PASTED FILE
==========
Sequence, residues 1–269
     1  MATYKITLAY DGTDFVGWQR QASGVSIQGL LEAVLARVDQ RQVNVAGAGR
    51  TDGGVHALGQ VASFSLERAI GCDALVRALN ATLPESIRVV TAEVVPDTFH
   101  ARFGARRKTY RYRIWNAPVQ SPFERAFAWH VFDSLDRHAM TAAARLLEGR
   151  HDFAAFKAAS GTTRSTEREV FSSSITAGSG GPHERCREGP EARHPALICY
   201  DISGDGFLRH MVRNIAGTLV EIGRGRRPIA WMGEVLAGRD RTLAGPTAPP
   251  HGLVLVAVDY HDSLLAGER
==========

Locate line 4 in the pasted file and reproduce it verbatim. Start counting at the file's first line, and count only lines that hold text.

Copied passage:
   101  ARFGARRKTY RYRIWNAPVQ SPFERAFAWH VFDSLDRHAM TAAARLLEGR